Avoiding Common Year End Giving Mistakes

Posted by David Blyer on September 26, 2018

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A successful year-end giving campaign starts long before the final months of the year. In fact, the day-to-day interactions, task breakdowns, and general management of your organization’s staff and volunteers can directly impact the success of your campaign.

It’s important to familiarize yourself with the potential pitfalls your nonprofit may encounter so you can implement clear plans that will help you avoid major year-end giving obstacles.

It may seem counterintuitive, but the “go-go-go” mentality that drives the overall mission and operations of your organization isn’t the same approach you should take when strategizing for year-end giving. You might be surprised that the tried and true methods to a successful year-end giving campaign ultimately rely on consistent donor engagement aligned with proper volunteer management.

Avoid these common pitfalls to have a more successful year-end giving campaign:

Prioritizing large events over ongoing initiatives.

It can seem enticing to reach for the big-ticket items that will bring in large sums of money, but they can also cost the most to get off the ground. Don’t rely on a single event to push your fundraising goals – set up a strategy that emphasizes personalized asks and targeted marketing.

Relying solely on development staff to raise funds.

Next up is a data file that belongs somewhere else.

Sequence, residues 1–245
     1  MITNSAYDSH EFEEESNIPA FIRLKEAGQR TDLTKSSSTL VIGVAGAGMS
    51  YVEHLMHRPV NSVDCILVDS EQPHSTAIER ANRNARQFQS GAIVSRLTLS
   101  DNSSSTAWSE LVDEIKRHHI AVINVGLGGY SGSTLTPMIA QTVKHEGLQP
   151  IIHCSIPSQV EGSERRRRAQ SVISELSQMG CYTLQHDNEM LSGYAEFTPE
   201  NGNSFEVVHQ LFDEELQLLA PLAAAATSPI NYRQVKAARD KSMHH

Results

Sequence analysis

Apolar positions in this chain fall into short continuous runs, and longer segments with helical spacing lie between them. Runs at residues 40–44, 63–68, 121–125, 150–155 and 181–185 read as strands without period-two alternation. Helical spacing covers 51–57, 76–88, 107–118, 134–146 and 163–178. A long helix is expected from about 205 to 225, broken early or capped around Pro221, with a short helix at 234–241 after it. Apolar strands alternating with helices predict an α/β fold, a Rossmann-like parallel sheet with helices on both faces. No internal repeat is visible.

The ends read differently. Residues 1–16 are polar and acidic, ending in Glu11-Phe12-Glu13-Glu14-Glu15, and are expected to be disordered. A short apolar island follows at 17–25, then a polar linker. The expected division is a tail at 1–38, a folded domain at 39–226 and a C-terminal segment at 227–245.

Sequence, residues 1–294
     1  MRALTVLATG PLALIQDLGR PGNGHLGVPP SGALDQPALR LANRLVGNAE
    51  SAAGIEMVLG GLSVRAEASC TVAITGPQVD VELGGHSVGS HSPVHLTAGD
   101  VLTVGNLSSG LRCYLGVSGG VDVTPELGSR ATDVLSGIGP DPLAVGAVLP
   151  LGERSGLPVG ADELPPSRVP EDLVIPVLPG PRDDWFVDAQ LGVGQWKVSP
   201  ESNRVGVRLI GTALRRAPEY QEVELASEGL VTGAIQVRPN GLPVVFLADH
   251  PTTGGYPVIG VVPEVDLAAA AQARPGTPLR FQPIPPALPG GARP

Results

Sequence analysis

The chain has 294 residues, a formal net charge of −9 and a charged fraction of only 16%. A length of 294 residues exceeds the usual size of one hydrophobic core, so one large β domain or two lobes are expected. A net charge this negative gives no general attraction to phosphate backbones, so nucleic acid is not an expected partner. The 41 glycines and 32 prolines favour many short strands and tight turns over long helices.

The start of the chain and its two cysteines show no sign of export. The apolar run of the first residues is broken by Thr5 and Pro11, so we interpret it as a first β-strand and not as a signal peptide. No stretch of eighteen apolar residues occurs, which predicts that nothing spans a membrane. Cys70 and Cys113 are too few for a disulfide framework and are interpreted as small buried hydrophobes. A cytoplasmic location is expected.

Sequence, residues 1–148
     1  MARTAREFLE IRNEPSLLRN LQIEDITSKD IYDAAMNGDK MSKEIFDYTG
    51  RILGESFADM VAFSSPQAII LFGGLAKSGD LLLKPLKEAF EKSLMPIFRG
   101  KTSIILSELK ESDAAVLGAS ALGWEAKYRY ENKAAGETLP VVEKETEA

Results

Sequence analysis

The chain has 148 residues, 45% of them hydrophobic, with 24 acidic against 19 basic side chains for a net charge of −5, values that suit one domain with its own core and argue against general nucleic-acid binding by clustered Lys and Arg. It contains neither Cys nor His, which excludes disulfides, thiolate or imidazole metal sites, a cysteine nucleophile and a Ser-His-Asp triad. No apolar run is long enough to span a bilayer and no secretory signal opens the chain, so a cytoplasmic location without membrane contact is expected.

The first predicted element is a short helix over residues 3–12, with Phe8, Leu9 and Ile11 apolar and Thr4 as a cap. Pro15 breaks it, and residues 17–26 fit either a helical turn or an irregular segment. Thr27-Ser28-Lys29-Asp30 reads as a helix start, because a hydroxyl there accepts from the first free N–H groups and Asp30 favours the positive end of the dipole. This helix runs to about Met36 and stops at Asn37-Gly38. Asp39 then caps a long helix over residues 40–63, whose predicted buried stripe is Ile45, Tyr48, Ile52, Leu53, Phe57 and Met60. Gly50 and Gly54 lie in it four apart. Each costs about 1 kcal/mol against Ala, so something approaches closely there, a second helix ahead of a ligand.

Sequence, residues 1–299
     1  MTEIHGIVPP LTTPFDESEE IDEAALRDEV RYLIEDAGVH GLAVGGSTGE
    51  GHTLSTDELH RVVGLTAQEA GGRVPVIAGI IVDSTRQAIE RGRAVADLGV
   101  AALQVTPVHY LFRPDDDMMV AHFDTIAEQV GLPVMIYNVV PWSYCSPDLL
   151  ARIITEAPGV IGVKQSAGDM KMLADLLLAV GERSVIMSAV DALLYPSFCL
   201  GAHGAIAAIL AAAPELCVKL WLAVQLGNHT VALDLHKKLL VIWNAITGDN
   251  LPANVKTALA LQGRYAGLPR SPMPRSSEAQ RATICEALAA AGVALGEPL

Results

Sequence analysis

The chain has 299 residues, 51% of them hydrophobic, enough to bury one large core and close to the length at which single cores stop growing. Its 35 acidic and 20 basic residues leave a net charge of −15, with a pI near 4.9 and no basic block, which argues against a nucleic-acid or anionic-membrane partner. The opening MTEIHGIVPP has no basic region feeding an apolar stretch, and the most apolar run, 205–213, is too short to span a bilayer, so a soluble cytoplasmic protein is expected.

Yes, your development team works hard to generate funds for your organization – but they shouldn’t be the only ones leveraging their relationships with the community. Board members, prominent representatives and advocates of your organization are powerful voices to increase awareness and make pushes for additional donations that wouldn’t be possible without their direct involvement.

Failing to keep existing donors engaged.

Once an individual has made a financial contribution to your organization, it doesn’t mean that they’ve permanently aligned with you – but it does make your work a lot easier! It’s just as important to keep donors as it is to get new ones, which means that your organization should be invested in some form of donor management to streamline communication and ensure year-end giving from your existing constituents.

Fostering an environment that breeds volunteer burnout.

Your volunteers are some of your organization’s most valuable assets – their potential is maximized when they’re given clear expectations from the start. Set up a realistic breakdown of volunteer roles and the tasks involved with each, then break each task into manageable time blocks that new individuals can sign up for and alleviate any strain placed on your volunteer base.

Not providing fundraisers with a script.

Insider naivety or bias of proximity. Whatever you call it – at the end of the day, your close involvement within your organization can be a liability when it comes to educating volunteers and the greater community. As you plan your strategy for year-end giving, take some time to approach your nonprofit’s mission from the perspective of an outsider. Use your insights to build a clear script that volunteers can use when contacting potential donors. Not only will it make them more confident cold-calling strangers, but you’ll get the peace of mind that comes with knowing your message is being clearly communicated.

It’s no secret that the bread and butter of any nonprofit organization are its volunteers and its donors. Once you make it easy for both sides to see the value in their respective roles, your year-end giving campaigns will become exponentially more successful.

Topics: Fundraising Basics, Volunteer Management, Campaign Management

Written by David Blyer

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